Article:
Make your continued safety a top priority with Jeep Wrangler airbags at the ready. Your Wrangler SRS system includes a network of restraints, airbags, and sensors that work tirelessly to keep you and your passengers safe. These tools provide you with another level of safety as you and your SUV tackle new and exciting vistas.What are some internal restraints common to most Wranglers?
Your Jeep model provides you with a network of protective airbags. These include:
- Seat-Mounted Side Airbags
- Passenger Advanced Front Airbags
- Driver Advanced Front Airbags
- Seat Belt Pre-tensioning Units
Your airbags are effective safety features but are only part of the overall safety system. Other venerable members of the Jeep safety crew are the many seat belts inside your vehicle, some of which may be pyrotechnic.
The idea behind pyrotechnic seat belt support systems is that drivers have better chances of avoiding injuries during crashes if they stay in their seats. Pyrotechnic seats work by using inertial sensors to keep track of the ongoing momentum of the SUV. If the system detects a severe deceleration of at least 5g, the inertial sensor initiates a process that cuts seat belt slack and restrains occupants. This action can prevent passengers from striking hard and potentially dangerous internal surfaces.What are some airbag crash sensors you may need?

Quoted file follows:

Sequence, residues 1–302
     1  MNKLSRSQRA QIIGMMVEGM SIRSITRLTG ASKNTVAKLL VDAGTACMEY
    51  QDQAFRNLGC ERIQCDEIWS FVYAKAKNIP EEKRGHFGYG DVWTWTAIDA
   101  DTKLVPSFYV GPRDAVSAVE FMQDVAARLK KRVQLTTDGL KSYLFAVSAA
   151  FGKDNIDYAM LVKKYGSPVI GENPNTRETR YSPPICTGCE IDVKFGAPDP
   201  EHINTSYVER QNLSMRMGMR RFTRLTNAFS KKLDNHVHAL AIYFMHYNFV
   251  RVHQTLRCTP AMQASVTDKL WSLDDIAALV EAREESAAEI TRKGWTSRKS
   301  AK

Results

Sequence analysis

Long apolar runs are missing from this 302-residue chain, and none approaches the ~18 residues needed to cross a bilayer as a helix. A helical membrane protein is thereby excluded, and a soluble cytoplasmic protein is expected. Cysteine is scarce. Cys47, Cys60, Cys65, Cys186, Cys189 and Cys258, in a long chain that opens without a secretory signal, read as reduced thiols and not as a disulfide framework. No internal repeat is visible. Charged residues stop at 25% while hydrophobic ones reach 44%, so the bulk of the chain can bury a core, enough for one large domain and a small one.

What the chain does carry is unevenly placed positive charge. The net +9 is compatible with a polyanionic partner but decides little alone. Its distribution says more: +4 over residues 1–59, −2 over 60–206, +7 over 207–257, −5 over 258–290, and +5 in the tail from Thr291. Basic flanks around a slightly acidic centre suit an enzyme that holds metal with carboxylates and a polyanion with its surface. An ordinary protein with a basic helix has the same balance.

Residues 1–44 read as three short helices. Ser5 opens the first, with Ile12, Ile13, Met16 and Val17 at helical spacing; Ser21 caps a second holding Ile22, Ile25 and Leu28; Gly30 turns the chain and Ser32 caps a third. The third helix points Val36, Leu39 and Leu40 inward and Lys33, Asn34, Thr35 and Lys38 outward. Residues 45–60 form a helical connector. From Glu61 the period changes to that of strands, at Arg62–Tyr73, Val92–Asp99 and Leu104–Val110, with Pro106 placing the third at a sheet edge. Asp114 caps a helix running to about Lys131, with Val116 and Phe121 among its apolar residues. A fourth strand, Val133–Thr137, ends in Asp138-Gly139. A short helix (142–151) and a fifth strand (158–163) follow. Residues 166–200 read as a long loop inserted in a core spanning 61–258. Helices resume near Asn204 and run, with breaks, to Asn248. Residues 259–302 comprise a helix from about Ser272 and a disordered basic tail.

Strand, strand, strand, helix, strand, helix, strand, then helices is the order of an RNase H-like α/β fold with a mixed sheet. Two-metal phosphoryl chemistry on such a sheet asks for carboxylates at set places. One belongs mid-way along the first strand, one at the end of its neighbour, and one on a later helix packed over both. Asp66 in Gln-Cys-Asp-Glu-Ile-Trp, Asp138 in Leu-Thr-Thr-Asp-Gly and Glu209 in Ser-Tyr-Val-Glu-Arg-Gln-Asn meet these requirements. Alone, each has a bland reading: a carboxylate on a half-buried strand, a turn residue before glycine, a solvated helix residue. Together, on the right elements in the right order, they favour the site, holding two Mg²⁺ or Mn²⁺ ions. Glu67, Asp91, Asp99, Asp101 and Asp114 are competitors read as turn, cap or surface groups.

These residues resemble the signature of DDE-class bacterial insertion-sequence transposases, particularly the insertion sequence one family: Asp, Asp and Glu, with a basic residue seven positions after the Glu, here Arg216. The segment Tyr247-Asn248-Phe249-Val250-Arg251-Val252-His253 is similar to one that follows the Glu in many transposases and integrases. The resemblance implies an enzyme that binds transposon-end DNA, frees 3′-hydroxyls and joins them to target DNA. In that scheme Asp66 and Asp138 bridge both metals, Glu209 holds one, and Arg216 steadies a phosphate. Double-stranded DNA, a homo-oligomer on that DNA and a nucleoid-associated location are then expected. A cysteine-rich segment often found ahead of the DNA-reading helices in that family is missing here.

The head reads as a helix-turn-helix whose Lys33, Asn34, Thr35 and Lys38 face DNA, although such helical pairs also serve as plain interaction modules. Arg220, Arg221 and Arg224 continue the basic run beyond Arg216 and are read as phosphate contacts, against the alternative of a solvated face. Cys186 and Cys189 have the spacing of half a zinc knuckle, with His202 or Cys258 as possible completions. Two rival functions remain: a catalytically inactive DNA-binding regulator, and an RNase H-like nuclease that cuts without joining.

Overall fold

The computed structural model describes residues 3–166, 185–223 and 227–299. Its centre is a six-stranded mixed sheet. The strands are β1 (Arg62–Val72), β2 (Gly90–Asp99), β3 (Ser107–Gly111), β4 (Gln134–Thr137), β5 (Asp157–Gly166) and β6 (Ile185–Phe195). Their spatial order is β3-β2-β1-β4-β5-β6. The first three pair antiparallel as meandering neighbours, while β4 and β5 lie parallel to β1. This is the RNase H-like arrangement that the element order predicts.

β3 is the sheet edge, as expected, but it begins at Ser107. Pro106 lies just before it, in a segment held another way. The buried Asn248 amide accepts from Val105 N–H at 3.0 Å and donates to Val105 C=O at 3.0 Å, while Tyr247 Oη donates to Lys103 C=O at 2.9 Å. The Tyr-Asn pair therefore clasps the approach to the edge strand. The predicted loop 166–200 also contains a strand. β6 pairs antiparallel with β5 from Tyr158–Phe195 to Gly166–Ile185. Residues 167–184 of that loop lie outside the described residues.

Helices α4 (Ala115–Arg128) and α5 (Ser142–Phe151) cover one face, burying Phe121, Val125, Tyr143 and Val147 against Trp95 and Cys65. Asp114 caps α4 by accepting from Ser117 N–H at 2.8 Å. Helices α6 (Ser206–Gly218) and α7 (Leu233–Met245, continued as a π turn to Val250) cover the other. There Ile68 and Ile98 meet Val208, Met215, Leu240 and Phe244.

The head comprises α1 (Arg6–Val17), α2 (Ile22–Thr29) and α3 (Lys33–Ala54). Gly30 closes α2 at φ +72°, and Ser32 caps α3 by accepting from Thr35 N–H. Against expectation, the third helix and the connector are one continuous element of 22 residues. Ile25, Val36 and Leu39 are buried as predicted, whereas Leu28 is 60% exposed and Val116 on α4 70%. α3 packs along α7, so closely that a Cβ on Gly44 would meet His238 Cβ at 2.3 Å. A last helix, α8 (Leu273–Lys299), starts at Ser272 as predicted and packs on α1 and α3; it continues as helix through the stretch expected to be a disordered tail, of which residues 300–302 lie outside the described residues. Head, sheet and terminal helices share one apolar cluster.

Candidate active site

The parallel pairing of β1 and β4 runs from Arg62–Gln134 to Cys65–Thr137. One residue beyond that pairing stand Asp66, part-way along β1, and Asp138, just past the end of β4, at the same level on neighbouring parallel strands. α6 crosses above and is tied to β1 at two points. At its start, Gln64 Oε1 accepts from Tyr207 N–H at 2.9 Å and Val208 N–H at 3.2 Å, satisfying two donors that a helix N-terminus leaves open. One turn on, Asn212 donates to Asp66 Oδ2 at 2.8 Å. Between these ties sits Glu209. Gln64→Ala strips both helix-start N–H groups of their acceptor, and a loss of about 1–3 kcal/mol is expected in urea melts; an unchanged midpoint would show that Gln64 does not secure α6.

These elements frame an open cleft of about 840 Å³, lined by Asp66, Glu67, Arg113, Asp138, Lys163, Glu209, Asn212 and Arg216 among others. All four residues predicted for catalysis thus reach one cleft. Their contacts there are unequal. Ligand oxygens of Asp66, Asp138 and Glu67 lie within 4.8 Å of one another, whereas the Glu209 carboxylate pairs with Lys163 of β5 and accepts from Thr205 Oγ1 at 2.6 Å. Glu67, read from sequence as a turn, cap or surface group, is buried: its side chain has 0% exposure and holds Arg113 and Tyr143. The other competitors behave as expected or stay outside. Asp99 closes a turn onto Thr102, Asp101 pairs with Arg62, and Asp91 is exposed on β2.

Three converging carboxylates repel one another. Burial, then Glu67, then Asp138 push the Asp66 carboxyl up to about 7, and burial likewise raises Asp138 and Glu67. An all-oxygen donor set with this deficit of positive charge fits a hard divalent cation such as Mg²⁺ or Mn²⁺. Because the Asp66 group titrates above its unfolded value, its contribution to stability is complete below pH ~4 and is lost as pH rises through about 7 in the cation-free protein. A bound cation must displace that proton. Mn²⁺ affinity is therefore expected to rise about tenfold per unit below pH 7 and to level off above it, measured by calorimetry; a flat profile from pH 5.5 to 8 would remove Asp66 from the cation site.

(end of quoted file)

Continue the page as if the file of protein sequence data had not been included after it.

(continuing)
Like most automotive systems, the components of the airbag system need occasional replacement. Airbag sensors are responsible for deploying potentially life-saving systems and are thus key parts of the SRS safety system.
- SRS Electronic Control Unit (ECU) - The brains behind the system, the ECU manages and sorts the many signals sent by the various SRS system sensors.
- Deceleration Sensors - While designs vary from company to company, most SRS systems use a network of sensors capable of quickly reacting when a crash happens. D-type sensors form the front line of the sensor army, and designers usually install them on the front end of Jeep Wranglers and other SUVs. Another backup sensor, called a safing sensor, acts as a confirmation source for the D-sensor network. When both systems sense hard decelerations or impacts, they collaborate to fire the appropriate restraints.
This is simply a part of the ECU that monitors other parts of the SRS network. As the master-monitor, the diagnostic module has the final say about whether a given airbag deploys. If the diagnostic module detects issues, it puts out a signal that shows up as an airbag-system warning light.